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The Art of Progress Change Management Inc. - The Three C's

The Three C's

Posted on Jul 14, 2013 by Kait Dinunzio


The history of change management isn't a sexy one.  Well, some might argue it is - what with Connors and Kotter and their realizations and the early adopters (GE, AT&T and the like).  I don't think it's necessarily sexy.  I see it as a scramble to become and stay relevant.  Right now, we're relevant, but I don't think people realize the full reason behind WHY we're relevant.  Sure, someone sees the benefits - but when we have CEO's and Executives in large-scale companies continuing to question the value or need, perhaps we're missing something.  

We don't win brownie points when something goes right, that's just business as normal.  Someone wrote a good code, user acceptance testing was done properly.. maybe we had a good web master ... It's all just SN (Situation Normal).  On the other hand, if something goes sideways, it's politics; poorly executed change management. We're SNAFU'd (Situation Normal All F&^$(@ Up).  When we get SNAFU'd, it can come down to a few things.  Generally it comes down to the mismanagement around expectations, or a lack of transparent and effective communication, or deficient planning and execution around transition points.  Worse yet - we could forget to communicate with our Champions and maintain them as such. 

We can go around and around about the quality of change management and the methodologies and the toolkits all day long. I've said it before, and I'll say it again, tools are tools and methodologies are methodologies.  The largest deficiencies with change management as a practice comes down to the "NEED" factor and the people behind the tools and methodologies.  Do our clients even know what they need?  Are we overselling them?  Or perhaps we're underselling them!?  Better yet, we keep regurgitating Kotter and Connors, show off our stakeholder management maps and share our little impact assessments during slide shows at lunch and learns... and we expect a CEO to be enamored by this?? Sure, the science - it screams, "WE'RE CREDIBLE!!!!!"  That should create inclusion and demand ... right?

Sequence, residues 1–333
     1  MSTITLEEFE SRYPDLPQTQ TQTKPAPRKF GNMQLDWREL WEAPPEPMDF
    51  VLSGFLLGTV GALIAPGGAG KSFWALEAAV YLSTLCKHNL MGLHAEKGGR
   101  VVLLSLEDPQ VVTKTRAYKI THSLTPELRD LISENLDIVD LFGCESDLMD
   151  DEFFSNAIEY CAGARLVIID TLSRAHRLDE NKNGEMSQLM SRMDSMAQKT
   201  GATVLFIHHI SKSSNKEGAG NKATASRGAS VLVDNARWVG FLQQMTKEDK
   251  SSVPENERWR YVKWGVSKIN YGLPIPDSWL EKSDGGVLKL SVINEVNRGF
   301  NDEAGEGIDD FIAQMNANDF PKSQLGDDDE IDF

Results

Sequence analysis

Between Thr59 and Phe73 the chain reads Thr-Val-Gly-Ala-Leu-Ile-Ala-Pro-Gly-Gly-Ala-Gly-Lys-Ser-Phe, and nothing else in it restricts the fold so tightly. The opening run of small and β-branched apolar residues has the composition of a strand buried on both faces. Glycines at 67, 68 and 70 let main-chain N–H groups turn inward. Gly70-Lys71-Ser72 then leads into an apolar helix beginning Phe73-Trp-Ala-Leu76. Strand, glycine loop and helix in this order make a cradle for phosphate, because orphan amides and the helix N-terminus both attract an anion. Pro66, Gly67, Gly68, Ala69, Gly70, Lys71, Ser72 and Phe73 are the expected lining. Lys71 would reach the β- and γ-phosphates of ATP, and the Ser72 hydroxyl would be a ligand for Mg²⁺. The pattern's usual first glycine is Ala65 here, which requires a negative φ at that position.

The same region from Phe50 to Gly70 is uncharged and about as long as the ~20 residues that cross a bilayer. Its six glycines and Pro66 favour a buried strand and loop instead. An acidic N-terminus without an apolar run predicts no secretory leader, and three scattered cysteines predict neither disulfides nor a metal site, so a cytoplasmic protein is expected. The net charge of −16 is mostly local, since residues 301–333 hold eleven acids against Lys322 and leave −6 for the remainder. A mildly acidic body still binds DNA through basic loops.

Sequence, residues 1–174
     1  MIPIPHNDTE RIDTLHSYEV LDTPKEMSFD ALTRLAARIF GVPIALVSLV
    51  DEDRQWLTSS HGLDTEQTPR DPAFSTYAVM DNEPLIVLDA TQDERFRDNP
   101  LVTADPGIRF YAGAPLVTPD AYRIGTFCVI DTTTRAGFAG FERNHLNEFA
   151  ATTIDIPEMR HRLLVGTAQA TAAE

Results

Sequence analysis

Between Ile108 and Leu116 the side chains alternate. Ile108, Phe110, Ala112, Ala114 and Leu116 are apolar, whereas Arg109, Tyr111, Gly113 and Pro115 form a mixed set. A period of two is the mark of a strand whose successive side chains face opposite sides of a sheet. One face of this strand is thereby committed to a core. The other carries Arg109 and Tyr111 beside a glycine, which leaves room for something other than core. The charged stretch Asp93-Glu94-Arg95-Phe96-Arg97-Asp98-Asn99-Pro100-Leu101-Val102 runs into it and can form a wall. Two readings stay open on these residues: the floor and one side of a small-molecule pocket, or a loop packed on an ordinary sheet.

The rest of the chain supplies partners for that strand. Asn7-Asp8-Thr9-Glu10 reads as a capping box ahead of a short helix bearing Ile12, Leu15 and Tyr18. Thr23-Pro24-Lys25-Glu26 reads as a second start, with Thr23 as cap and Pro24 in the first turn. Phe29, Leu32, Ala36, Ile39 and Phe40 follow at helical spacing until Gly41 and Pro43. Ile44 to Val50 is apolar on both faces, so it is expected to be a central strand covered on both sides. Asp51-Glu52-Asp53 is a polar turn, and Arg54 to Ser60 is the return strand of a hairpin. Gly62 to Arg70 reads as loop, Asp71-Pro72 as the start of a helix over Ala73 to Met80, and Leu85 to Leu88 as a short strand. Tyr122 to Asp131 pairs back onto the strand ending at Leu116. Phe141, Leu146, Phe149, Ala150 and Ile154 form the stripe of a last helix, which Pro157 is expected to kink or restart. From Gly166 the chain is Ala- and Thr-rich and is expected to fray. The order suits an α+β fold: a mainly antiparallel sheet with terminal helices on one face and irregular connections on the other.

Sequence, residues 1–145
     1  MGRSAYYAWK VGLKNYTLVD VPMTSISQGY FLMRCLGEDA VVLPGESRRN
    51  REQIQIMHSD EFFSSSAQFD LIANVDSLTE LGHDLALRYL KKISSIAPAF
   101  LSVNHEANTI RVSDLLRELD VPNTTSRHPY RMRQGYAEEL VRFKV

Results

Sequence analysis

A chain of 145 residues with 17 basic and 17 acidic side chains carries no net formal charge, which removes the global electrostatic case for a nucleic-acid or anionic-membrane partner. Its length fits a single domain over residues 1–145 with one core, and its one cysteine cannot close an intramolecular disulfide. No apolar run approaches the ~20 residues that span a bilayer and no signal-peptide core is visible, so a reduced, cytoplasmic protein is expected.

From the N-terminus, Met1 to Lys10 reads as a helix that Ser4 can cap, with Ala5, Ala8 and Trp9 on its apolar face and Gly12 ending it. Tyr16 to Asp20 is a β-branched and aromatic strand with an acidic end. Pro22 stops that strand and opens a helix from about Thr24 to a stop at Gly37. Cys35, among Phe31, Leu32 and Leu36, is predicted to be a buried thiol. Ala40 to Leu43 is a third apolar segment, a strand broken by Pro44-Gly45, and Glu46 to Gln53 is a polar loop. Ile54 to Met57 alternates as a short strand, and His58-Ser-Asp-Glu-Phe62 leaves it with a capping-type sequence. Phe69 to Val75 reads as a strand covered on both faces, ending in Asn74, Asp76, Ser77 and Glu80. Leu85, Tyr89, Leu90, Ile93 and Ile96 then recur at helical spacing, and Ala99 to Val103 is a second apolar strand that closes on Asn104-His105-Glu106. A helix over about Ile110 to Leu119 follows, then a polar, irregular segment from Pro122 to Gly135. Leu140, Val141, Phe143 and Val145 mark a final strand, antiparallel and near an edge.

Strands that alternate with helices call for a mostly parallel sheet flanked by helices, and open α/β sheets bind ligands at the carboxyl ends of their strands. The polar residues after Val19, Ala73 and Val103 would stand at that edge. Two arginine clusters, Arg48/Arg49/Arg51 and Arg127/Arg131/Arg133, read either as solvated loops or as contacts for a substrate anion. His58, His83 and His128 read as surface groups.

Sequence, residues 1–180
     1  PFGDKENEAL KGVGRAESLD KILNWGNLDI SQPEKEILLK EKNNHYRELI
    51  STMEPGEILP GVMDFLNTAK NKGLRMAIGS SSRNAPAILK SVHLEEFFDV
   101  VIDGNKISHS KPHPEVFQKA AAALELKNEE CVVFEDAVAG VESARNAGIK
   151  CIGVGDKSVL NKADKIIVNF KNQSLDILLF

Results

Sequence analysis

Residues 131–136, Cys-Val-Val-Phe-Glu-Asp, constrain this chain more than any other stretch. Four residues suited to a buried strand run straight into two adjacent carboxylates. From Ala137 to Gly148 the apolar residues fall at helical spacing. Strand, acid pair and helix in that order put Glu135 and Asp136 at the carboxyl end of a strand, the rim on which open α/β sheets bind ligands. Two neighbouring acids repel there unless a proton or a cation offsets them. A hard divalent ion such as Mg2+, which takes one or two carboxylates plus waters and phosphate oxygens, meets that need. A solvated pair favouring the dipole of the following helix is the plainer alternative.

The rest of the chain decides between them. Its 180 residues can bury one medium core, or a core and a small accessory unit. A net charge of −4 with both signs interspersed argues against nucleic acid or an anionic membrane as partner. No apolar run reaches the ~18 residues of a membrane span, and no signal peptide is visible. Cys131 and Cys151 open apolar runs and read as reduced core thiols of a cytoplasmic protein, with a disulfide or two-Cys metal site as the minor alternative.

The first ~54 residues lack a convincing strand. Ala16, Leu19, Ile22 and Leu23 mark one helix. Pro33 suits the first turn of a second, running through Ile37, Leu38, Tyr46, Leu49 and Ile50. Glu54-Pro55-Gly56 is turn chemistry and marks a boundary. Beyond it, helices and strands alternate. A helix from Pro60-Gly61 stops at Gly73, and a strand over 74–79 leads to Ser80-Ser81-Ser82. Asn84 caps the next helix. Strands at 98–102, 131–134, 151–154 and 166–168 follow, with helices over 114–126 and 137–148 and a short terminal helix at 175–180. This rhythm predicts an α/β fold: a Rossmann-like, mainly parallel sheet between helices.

Honestly.  

My clients don't care about the science they care about the ART!  Simply put, we're not managing the change of change management very well and this is reflected in the astounding ratios of continued failure of business change.  We're spending too much time talking about the science and not enough time showing them how the art looks.  I'd liken it to buying a new vehicle. I definitely care about what's under the hood; not more than the navigation system, moon roof and air-conditioned seats, though!  For me, as a consumer, comfort and value (okay, and looks!!) of a vehicle are far more important.  That's kind of how my clients are with change management.  They don't want to see it - and in fact, when they don't see it is when I'm most successful.  It's almost like being the Wizard of Oz....

 

Keep your coins - I WANT CHANGE!